By Charlie Oliver
We are currently in the midst of the worst migrant crisis since the Second World War.
1 in every 122 people in the world is either a refugee, internally displaced or seeking asylum. Further, it is thought that this year alone, around 550,000 migrants have reached the EU – that’s more than the entire population of Edinburgh – the capital of Scotland and my hometown.
This is a millennial migrant crisis.
Research by the UNHCR shows that the overwhelming majority of these migrants are Millennials. For example, a study of Syrian migrants entering Greece in June this year, found that 71% of them were Millennials.
While the attention of the western media has been overwhelmingly on the situation in Europe, millions of others are at risk around the world. For example, in China there is what Foreign Affairs has called a “domestic immigrant crisis,” where 260m migrants workers, 50% of whom are Millennials, live as 2nd class citizens under the “hukou” programme – this classifies them as rural (non-permanent urban) residents and denies them access to social security, healthcare and primary education for their children.
It is young people that often tend to be the victims of modern-day slavery too. It is thought that there are 21m forced labour victims in the world, many of whom are young people and even children.
While the circumstances that have led to the migrant crisis, the high levels of internal displacement or modern-day slavery that we’re seeing in a number of countries have not been caused by Millennials, they are the ones that are suffering from it.
We often celebrate the coming of the millennial generation. They are the best educated, most diverse and collaborative workforce ever. We expect the young populations of many countries, especially developing ones, to be the driving forces behind economic growth in the world as both consumers and employees.
The rise of millennial billionaires like Mark Zuckerberg and Evan Spiegel serve to support that expectation. Further, they have created businesses with the scale to profoundly influence how we live our lives for the better; as well as the resource to help resolve some of the world’s most pressing global issues like poverty and inequality, climate change and bridging the digital divide.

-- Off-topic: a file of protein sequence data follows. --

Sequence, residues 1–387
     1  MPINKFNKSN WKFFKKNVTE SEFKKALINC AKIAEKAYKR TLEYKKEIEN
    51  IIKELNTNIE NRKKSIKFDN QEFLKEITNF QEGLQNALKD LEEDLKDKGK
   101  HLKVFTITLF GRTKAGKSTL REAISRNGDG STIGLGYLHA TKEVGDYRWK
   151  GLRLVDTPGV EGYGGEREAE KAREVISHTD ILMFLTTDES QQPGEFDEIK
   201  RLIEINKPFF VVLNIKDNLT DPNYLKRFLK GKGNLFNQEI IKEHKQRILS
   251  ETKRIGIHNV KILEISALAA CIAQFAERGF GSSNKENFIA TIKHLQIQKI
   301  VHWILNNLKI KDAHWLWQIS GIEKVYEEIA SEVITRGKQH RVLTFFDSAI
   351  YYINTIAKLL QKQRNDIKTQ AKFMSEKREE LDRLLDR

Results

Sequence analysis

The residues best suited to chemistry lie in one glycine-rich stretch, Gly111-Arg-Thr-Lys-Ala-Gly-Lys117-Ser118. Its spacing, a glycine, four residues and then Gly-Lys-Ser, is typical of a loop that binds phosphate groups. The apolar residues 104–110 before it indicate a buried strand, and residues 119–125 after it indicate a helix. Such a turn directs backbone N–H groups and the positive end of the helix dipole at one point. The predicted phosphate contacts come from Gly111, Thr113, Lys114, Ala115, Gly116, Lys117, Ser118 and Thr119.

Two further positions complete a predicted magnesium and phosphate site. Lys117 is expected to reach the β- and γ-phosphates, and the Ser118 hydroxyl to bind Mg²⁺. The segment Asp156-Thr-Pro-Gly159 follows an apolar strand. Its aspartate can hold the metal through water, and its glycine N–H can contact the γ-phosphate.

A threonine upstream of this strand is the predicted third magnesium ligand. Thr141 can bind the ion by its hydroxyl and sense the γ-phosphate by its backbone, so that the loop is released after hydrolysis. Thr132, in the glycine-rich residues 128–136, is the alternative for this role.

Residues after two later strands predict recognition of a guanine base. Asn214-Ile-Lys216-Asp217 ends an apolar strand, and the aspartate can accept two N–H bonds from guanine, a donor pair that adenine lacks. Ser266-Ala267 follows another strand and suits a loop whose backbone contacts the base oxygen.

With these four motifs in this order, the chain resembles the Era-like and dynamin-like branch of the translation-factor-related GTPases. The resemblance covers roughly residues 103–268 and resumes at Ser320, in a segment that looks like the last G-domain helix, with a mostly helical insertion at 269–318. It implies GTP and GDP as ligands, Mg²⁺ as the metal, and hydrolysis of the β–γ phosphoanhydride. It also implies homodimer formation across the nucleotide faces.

However, 72% of Millennials agree that the gap between rich and poor is expanding.
Youth unemployment remains a global challenge, with 73.3m unemployed around the world. Further, millions of those in work find themselves in working poverty. More than a third (37.8%) of working youth in the developing world live on $2 a day or less. This means that 169m young people live in working poverty, increasing to 286m at up to $4 a day.
My fear is that because of this instability and inequality in the world, we will see a generation of people, what we call Millennials, coming of age as the world’s first truly global citizens, but that are divided by their personal circumstances into, “haves” and “have nots.” In other words, a collaborative, globally-connected generation that is actually driven further apart, according to the environment they’ve been born into, than past generations.
In short, the demographic dividend that we are all looking forward to is at risk.
There is not one fix-all solution that will resolve these challenges. Some of them are caused by situations within specific countries, others because of globalisation and the mechanisation of work that requires low or unskilled labour.
Innovation in technology can play a big and positive role in finding solutions. It has the capacity to scale quickly owing to the digital age in which we find ourselves, which is why I think it’s great that this new Trailblazers website has been created to showcase some brilliant examples of tech for social good.
Nevertheless, it is my strong belief that any impactful resolution to support Millennials, will be established through a combination of government, business and the third sector working together.
Those of us in the Millennial generation that have found ourselves in the fortunate position to influence this must make the effort to ensure that we don’t leave our peers behind.